"Let books be your dining table, / And you shall be full of delights. / Let them be your
And you shall sleep restful nights" (St. Ephraim the Syrian).

Thursday, February 9, 2012

Libyan Christianity

With all the recent attention on Libya, and the conflict leading to the ouster of its dictator, a new book about Christianity in that country could not be more timely: Thomas C. Oden, Early Libyan Christianity: Uncovering a North African Tradition (IV Press, 2011), 336pp.
About this book, the publisher tells us: 
The chronicle of early Libyan Christianity is not a story for a Christian audience only but also for Muslims, especially those who have an African heritage. Just as Spain has a rich history of Islam, Libya has a rich history of Christianity. In both cases the history has centuries of experience to offer to a broken and conflicted world. Libyans will benefit by more clearly realizing this fact: the soil on which they walk daily has embedded in it five hundred years of Christian roots and residues. This does not imply any claim to any form of territorial or political legitimacy. It only asks for the accurate recollection of a story long forgotten. Nor is it a story whose audience primarily resides in schools and churches and mosques. It is for all who seek the truth that is revealed through the honest study of history.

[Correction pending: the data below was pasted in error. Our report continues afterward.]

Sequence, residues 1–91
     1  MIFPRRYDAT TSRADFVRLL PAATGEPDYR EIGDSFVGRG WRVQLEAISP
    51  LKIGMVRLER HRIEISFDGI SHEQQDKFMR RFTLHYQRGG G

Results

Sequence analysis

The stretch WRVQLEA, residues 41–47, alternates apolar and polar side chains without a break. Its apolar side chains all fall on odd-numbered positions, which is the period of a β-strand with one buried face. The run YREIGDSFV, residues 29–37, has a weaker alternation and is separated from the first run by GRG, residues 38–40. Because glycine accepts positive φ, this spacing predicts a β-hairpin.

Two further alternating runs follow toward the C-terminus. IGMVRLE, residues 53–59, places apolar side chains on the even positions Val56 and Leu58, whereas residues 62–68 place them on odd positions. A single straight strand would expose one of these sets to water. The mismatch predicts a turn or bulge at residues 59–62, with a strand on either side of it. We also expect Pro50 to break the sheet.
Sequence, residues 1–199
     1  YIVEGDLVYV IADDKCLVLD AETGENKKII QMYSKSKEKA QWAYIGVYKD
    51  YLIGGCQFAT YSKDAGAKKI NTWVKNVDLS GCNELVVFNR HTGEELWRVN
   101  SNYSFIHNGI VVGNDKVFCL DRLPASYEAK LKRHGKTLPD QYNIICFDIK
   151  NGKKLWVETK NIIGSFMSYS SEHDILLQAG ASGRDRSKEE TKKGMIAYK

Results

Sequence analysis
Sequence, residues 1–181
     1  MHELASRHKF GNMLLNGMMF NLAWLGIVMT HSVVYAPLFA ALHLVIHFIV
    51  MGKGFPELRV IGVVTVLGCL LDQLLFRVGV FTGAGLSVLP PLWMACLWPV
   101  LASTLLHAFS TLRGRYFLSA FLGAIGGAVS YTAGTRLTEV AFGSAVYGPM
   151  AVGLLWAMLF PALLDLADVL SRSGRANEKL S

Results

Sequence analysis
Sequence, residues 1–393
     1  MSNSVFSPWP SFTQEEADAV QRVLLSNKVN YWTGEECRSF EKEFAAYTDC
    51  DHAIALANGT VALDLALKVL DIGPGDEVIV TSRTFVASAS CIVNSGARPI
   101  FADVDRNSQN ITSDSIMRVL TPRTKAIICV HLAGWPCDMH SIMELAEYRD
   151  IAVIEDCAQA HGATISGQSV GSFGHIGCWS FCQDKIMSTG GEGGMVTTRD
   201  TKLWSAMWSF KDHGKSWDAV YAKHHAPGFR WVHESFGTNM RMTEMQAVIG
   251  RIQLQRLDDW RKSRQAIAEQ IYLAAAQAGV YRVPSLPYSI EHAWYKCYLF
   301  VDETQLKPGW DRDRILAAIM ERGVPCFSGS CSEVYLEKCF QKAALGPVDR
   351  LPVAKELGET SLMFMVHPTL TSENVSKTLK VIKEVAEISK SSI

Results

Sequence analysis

All three of the monotheistic faiths—Judaism, Christianity and Islam—hark back to Abraham. All three impinge on Libyan history. All three agree on one crucial premise: The majesty of God is revealed in history. The providence of God is being worked out in actual personal histories. This history can be examined by skeptics and secularists, as well as those already convinced.Whether recognized or not, the truth of God’s presence is being revealed before our eyes daily through humans, according to Jews and Christians, with some analogies in Islam. This is a beginning point in the comparative exegesis of sacred texts of all three traditions. The Christian narrative will be informative to open-minded Muslims willing to listen to the ancient African background and ancestry of their own classic Muslim intellectual history. The Muslim phase of the African story emerges in the last half of the Common Era’s first millennium. The Muslim narrative will be illuminating to open-minded Christians without denying their faith. Christians will learn about how much of the spirit of Western intellectual achievement began in Africa, and in no small part in Libya. In doing so, they will learn of the ways in which Christians of Spain and Europe have been beneficiaries of Muslim philosophical, moral and scientific wisdom.Whether Christian or Muslim or secular or tradition-oriented, African youth have not had the opportunity to hear their own full story told. The texts and ideas and movements that Africa spawned before Europe discovered them must be more fully translated, disseminated and studied before this will happen.

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